The Graffiti Streets in Ghent

In All, Art & Music, Europe, Ideas, Theories, & Stories, UDIN (All), Urban Inspiration by Teju Adisa-Farrar

Project Lead: City of Ghent, Community Artists and the public

Ghent is a wonderful city in the Flanders region of Belgium. Although I could write a lot about the values of the city, the creativity that happens with neighborhood projects, and the social democratic culture in the city–I want to focus on one small thing I noticed happening in the city. This is the thing of graffiti streets.

Ghent is a medieval city with a long history, with human presence dating back to the Stone Age. Like many European cities, there are many historical buildings that have lasted for centuries and continue to be used by the city in some way or another. As a result the city of Ghent has created “Graffiti Streets.” These are streets dedicated to graffiti of all kinds, at all times. This was a way to discourage people from doing graffiti on historical buildings and in turn giving them spaces to do graffiti.

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In addition, the city partners with artists to encourage them to use these graffiti streets, as well as other spaces, to do their public art. I’m sure there are some graffiti artists in Ghent who have issues with being given designated space to do their art, or being relegated to certain areas. However, I think this idea of making space for graffiti and public artistic expression benefits the city more than it hurts it.

In places like Brazil, street art is legal. Brazil makes a distinction between tagging (pichação) and the Brazilian street art style called grafite. They encourage and allow street art from Brazilian artists as well as peaceful graffiti. This has added a huge element to the urban fabric of Brazilian cities. In Ghent, the graffiti streets also enhance the urban environment. It is quite wonderful to see the integration of old historical buildings and contemporary street art in Ghent’s city centre. You turn down a small street and all of sudden you are walking through a colorful world that is as relevant, and sometimes more relevant, than the timeless historical buildings lining the cobble stone streets.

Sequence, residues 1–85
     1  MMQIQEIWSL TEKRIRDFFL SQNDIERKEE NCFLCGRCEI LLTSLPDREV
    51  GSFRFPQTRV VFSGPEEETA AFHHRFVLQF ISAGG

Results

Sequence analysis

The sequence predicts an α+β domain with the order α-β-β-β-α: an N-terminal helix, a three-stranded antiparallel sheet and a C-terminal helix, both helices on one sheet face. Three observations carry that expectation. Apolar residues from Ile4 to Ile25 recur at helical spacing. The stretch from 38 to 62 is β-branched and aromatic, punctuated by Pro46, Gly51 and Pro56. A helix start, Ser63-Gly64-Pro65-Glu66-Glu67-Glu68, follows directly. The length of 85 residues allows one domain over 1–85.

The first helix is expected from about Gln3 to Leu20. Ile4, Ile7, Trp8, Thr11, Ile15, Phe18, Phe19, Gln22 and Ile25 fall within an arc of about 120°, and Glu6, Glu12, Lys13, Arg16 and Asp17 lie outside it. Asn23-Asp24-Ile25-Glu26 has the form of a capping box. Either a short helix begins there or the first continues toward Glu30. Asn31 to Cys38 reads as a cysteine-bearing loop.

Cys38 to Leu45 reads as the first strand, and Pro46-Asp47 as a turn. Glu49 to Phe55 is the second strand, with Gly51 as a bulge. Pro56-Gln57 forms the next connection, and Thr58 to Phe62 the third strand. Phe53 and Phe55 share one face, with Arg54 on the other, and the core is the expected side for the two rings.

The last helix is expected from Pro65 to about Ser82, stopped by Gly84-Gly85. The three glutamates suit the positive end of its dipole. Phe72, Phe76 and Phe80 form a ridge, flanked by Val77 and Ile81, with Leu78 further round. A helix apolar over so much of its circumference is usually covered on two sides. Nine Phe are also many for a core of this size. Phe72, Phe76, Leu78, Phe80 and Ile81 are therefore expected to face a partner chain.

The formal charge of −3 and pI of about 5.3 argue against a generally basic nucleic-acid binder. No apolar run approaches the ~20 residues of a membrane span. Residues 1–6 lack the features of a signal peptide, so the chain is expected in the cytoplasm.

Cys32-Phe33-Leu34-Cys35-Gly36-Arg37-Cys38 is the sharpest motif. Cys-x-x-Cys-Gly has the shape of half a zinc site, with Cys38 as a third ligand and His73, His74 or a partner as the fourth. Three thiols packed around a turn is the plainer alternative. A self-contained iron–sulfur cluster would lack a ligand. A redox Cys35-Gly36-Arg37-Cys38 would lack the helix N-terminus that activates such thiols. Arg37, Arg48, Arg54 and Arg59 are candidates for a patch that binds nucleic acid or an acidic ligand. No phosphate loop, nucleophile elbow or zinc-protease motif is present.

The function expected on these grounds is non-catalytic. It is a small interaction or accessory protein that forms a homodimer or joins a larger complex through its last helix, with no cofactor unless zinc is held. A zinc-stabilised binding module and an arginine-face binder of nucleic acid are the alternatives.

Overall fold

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While graffiti streets may not solve all the problems of tagging, graffiti, and defacing historical buildings–it is a great idea to channel and highlight a very important aspect of urban culture. Repressing art and public expression is not the way to go, but maybe creating more space for it within cities is an opportunity, some cities like Ghent and Brazil, understand.

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